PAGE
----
response letter may include recommended actions that the applicant might take to place the application in a condition for approval. If a complete response letter is issued, the applicant may either resubmit the NDA, addressing all of the deficiencies identified in the letter, or withdraw the application. Even if the NDA is resubmitted, FDA may again decide that the resubmitted NDA does not satisfy the criteria for approval.
Even if a product receives regulatory approval, the approval may be significantly limited to specific indications and dosages or the indications for use may otherwise be limited, which could restrict the commercial value of the product. Further, the FDA may require that certain contraindications, warnings or precautions be included in the product labeling. The FDA may impose restrictions and conditions on product distribution, prescribing, or dispensing in the form of a risk management plan, or otherwise limit the scope of any approval. In addition, the FDA may require post-marketing clinical trials, sometimes referred to as “Phase 4” clinical trials, designed to further assess a product’s safety and effectiveness, and testing and surveillance programs to monitor the safety of approved products that have been commercialized.
Companion Diagnostics. The FDA has issued a final guidance document addressing the agency’s policy in relation to in vitro companion diagnostic tests. The guidance explains that for some therapeutics, the use of a companion diagnostic test is essential for the safe and effective use of the product, such as when the use of a product is limited to a specific patient subpopulation that can be identified by using the test. According to the guidance, the FDA generally will not approve such a product if the companion diagnostic is not also approved or cleared for the appropriate indication, and accordingly the therapeutic product and the companion diagnostic should be developed and approved or cleared contemporaneously. However, the FDA may decide that it is appropriate to approve such a product without an approved or cleared in vitro companion diagnostic device when the therapeutic is intended to treat a serious or life-threatening condition for which no satisfactory alternative treatment exists and the FDA determines that the benefits from the use of a product with an unapproved or uncleared in vitro companion diagnostic device are so pronounced as to outweigh the risks from the lack of an approved or cleared in vitro companion diagnostic device. The FDA encourages sponsors considering developing a therapeutic product that requires a companion diagnostic to request a meeting with both relevant device and therapeutic product review divisions to ensure that the product development plan will produce sufficient data to establish the safety and effectiveness of both the therapeutic product and the companion diagnostic. Because the FDA’s policy on companion diagnostics is set forth only in guidance, this policy is subject to change and is not legally binding.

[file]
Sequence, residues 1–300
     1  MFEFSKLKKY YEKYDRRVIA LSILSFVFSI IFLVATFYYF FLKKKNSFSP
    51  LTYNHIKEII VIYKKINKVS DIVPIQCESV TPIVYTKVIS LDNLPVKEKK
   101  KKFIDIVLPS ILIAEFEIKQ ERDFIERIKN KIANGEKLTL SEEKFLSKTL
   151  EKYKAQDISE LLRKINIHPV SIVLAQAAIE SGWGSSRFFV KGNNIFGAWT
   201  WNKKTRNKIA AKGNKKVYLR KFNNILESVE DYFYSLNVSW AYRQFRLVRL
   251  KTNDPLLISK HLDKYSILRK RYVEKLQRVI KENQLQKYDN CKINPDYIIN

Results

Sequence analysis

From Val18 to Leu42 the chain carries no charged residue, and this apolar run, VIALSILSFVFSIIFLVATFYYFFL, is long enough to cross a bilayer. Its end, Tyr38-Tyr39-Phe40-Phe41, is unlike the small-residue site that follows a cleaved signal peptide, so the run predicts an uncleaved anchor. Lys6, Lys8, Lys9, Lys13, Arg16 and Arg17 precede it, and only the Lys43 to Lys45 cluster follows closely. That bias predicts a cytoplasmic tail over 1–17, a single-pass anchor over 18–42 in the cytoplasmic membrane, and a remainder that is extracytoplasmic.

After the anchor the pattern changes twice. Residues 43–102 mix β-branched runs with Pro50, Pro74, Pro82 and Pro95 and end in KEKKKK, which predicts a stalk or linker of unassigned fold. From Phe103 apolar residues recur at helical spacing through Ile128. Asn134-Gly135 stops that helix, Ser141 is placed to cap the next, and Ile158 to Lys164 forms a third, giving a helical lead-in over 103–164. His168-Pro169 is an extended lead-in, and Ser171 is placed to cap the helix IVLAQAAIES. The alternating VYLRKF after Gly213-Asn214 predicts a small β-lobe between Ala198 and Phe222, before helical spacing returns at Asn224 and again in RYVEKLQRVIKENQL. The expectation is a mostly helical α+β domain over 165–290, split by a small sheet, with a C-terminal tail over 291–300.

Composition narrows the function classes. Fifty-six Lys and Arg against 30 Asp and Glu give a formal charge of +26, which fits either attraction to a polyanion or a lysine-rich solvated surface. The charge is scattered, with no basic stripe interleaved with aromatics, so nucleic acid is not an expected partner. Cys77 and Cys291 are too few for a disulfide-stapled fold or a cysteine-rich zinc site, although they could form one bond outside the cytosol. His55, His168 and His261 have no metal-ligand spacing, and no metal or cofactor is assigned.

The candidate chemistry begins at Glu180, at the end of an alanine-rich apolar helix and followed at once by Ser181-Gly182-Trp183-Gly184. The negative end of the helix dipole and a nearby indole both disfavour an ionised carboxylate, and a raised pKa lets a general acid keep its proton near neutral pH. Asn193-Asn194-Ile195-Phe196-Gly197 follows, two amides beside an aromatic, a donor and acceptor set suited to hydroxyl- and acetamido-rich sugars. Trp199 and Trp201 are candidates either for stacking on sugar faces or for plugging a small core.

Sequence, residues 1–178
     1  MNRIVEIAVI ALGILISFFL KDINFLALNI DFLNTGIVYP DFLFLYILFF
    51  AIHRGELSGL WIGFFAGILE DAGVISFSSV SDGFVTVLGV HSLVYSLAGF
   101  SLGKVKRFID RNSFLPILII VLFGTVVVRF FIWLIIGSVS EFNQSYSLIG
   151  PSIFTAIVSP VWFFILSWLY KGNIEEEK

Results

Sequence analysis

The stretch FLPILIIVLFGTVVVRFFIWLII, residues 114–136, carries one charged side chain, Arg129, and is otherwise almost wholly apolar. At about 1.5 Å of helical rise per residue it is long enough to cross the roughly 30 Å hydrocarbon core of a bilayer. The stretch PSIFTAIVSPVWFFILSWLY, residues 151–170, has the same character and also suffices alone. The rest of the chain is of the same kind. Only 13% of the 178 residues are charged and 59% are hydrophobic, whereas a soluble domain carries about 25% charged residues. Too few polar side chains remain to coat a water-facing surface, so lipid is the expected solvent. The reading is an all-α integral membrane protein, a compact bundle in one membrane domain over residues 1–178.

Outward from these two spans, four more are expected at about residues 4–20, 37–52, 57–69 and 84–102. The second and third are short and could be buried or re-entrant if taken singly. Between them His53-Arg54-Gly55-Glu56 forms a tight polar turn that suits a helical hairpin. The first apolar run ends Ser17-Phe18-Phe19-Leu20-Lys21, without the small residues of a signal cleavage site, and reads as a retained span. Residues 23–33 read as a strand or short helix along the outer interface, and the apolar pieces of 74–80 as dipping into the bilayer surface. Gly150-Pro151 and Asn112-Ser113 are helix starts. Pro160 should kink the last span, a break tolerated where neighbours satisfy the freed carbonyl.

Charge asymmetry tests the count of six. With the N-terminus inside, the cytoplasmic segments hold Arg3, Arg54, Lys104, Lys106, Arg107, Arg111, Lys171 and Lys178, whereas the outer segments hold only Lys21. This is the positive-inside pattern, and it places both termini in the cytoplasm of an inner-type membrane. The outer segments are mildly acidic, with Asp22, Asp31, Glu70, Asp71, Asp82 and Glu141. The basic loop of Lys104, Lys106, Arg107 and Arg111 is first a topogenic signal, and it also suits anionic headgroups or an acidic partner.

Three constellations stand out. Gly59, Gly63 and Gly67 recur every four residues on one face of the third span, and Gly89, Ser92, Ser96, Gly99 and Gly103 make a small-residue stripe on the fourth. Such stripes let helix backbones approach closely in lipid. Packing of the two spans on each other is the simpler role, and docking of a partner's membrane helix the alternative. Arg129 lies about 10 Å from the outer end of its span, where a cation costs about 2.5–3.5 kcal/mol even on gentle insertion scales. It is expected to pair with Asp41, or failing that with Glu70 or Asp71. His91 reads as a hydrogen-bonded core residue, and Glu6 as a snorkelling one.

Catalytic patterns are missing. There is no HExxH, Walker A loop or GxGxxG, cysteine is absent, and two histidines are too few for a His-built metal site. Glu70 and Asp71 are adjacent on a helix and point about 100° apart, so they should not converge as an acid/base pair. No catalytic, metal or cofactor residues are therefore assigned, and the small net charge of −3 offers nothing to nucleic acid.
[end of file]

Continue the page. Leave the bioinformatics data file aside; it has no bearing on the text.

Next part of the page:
Most companion diagnostics are subject to the premarket approval application (PMA) process for medical devices, which, generally must be undertaken contemporaneously to the NDA process for the corresponding therapeutic candidate, and which may itself take several years to do. The PMA process may include preclinical studies and adequate and well-controlled clinical trials to assure the FDA of the safety and effectiveness of the companion diagnostic, reproducibility of the diagnostic results, and compliance with FDA requirements for medical device design, testing, control, manufacturing, documentation, and labeling. PMAs are also subject to a substantial application fee. PMA approval is not guaranteed, can be more limited than that we seek, or can include post-approval conditions and restrictions. Additionally, an approved medical device remains subject to audits and significant regulatory requirements for manufacturing, registration, quality assurance, labeling, packaging, shipping, and importing.
Expedited review and approval. The FDA has various programs, including Fast Track, priority review, accelerated approval and breakthrough therapy, which are intended to expedite or simplify the process for reviewing therapeutic candidates, or provide for the approval of a therapeutic candidate on the basis of a surrogate endpoint. Even if a therapeutic candidate qualifies for one or more of these programs, the FDA may later decide that the therapeutic candidate no longer meets the conditions for qualification or that the time period for FDA review or approval will be lengthened. Generally, therapeutic candidates that are eligible for these programs are those for serious or life-threatening conditions, those with the potential to address unmet medical needs and those that offer meaningful benefits over existing treatments. For example, Fast Track is a process designed to facilitate the development and expedite the review of therapeutic candidates to treat serious or life-threatening diseases or conditions and fill unmet medical needs. Priority review is designed to give a therapeutic candidate that treats a serious condition and, if approved, would provide a significant improvement in safety or effectiveness, an initial review within eight months as compared to a standard review time of twelve months.